An interesting observation on the way wasps live and how their body works led some UK and Israeli scientists to the conclusion that they may be harnessing solar power just like a photovoltaic solar cell.
The researchers, led by Dr. Marian Plotkin from Tel-Aviv University, noticed that the wasps’ activity increased with sunlight. Then, they found that the wasps’ exoskeleton contained an array of grooves in its brown part, each one measuring 160 nanometers in height.
The yellow parts, on the other hand, are made of a cuticle material that has a series of interlocking 50 nm-tall oval-shaped protrusions, each one having a pinhole-sized depression.
And you won’t believe your eyes when you read this: the wasp’s brown areas collect light, which then enters a sheet-like structure several layers thick. Rod-like structures are contained within each of the layers, and they are embedded in protein matrix. The rods are made from a polymer – chitin, which bounces the trapped light back and forth within the yellow cuticle…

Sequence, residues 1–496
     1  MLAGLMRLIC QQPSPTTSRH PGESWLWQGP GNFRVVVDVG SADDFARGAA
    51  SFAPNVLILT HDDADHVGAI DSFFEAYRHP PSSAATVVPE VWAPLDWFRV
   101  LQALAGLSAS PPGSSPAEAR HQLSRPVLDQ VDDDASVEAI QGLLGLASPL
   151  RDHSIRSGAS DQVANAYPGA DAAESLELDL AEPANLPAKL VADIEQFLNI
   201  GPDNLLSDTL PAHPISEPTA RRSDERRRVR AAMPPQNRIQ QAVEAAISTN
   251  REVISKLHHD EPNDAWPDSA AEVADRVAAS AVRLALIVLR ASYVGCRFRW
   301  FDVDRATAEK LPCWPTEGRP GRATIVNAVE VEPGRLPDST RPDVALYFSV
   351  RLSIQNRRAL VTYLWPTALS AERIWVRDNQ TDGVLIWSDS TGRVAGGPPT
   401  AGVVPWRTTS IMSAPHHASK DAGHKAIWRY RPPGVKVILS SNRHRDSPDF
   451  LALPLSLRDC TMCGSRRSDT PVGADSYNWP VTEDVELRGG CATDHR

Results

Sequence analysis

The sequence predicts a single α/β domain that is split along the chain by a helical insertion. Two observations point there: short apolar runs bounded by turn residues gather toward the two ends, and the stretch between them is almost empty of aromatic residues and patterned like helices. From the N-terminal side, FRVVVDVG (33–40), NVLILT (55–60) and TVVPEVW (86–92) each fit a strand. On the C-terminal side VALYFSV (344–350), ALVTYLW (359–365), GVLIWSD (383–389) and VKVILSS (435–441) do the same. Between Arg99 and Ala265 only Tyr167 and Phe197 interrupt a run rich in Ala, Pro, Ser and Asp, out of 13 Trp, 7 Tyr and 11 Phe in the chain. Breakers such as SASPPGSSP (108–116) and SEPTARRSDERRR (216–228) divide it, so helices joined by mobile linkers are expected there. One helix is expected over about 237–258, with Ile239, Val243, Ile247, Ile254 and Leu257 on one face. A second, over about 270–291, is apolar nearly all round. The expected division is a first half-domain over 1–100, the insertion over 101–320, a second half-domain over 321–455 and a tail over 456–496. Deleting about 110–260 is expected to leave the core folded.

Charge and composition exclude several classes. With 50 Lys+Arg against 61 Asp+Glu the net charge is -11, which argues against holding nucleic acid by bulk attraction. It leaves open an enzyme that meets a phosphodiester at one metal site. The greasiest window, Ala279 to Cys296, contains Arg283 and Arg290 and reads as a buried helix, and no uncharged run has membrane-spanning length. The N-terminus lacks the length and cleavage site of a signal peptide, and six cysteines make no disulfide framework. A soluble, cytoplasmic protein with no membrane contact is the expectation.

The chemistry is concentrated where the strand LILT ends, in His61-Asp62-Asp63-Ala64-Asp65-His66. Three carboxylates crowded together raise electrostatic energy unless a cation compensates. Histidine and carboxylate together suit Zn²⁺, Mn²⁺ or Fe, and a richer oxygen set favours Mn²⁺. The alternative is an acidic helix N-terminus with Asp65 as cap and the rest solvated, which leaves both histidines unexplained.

…which converts light into electricity. And that’s the funniest part. The yellow cuticle contains a pigment called xanthopterin, which has been proven to have the ability of acting like an organic solar cell (aka dye-sensitized, or Graetzel).
The researchers made a solar cell using this yellow substance, and really observed a 0.335 conversion efficiency, that, even if not very useful, was enough to prove their theory and put the foundation for more research using it.